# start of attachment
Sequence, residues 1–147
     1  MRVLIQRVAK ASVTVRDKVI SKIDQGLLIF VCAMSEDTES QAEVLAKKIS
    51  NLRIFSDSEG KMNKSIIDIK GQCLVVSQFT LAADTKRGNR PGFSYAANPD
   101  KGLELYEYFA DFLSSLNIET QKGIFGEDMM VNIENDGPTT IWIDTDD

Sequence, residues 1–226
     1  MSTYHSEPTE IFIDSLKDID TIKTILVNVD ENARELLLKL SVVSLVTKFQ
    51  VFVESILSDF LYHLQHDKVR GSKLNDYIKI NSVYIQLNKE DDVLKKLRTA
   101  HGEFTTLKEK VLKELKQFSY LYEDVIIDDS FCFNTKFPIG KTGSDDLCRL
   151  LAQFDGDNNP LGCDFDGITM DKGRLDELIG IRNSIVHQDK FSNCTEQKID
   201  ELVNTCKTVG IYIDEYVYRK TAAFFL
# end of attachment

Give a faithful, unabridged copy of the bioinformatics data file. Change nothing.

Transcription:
Sequence, residues 1–147
     1  MRVLIQRVAK ASVTVRDKVI SKIDQGLLIF VCAMSEDTES QAEVLAKKIS
    51  NLRIFSDSEG KMNKSIIDIK GQCLVVSQFT LAADTKRGNR PGFSYAANPD
   101  KGLELYEYFA DFLSSLNIET QKGIFGEDMM VNIENDGPTT IWIDTDD

Sequence, residues 1–226
     1  MSTYHSEPTE IFIDSLKDID TIKTILVNVD ENARELLLKL SVVSLVTKFQ
    51  VFVESILSDF LYHLQHDKVR GSKLNDYIKI NSVYIQLNKE DDVLKKLRTA
   101  HGEFTTLKEK VLKELKQFSY LYEDVIIDDS FCFNTKFPIG KTGSDDLCRL
   151  LAQFDGDNNP LGCDFDGITM DKGRLDELIG IRNSIVHQDK FSNCTEQKID
   201  ELVNTCKTVG IYIDEYVYRK TAAFFL